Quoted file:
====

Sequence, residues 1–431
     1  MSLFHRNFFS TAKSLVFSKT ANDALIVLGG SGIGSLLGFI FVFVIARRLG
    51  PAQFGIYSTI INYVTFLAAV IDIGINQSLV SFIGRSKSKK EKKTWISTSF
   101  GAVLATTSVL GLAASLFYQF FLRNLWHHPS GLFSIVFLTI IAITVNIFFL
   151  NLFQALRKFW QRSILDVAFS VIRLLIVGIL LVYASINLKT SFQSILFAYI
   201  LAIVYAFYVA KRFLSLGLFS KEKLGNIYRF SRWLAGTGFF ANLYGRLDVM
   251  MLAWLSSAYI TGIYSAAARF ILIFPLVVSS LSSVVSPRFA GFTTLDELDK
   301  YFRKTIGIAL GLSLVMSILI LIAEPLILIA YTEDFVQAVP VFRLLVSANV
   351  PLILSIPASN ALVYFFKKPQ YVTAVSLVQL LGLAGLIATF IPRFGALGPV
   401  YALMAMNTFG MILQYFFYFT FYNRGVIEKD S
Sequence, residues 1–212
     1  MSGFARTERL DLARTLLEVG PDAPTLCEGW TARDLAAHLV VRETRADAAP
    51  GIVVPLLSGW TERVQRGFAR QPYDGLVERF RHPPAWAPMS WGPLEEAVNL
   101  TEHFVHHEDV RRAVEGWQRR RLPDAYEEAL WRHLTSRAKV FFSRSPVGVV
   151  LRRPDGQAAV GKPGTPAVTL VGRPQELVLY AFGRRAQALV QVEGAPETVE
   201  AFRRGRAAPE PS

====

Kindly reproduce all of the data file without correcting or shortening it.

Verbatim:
Sequence, residues 1–431
     1  MSLFHRNFFS TAKSLVFSKT ANDALIVLGG SGIGSLLGFI FVFVIARRLG
    51  PAQFGIYSTI INYVTFLAAV IDIGINQSLV SFIGRSKSKK EKKTWISTSF
   101  GAVLATTSVL GLAASLFYQF FLRNLWHHPS GLFSIVFLTI IAITVNIFFL
   151  NLFQALRKFW QRSILDVAFS VIRLLIVGIL LVYASINLKT SFQSILFAYI
   201  LAIVYAFYVA KRFLSLGLFS KEKLGNIYRF SRWLAGTGFF ANLYGRLDVM
   251  MLAWLSSAYI TGIYSAAARF ILIFPLVVSS LSSVVSPRFA GFTTLDELDK
   301  YFRKTIGIAL GLSLVMSILI LIAEPLILIA YTEDFVQAVP VFRLLVSANV
   351  PLILSIPASN ALVYFFKKPQ YVTAVSLVQL LGLAGLIATF IPRFGALGPV
   401  YALMAMNTFG MILQYFFYFT FYNRGVIEKD S
Sequence, residues 1–212
     1  MSGFARTERL DLARTLLEVG PDAPTLCEGW TARDLAAHLV VRETRADAAP
    51  GIVVPLLSGW TERVQRGFAR QPYDGLVERF RHPPAWAPMS WGPLEEAVNL
   101  TEHFVHHEDV RRAVEGWQRR RLPDAYEEAL WRHLTSRAKV FFSRSPVGVV
   151  LRRPDGQAAV GKPGTPAVTL VGRPQELVLY AFGRRAQALV QVEGAPETVE
   201  AFRRGRAAPE PS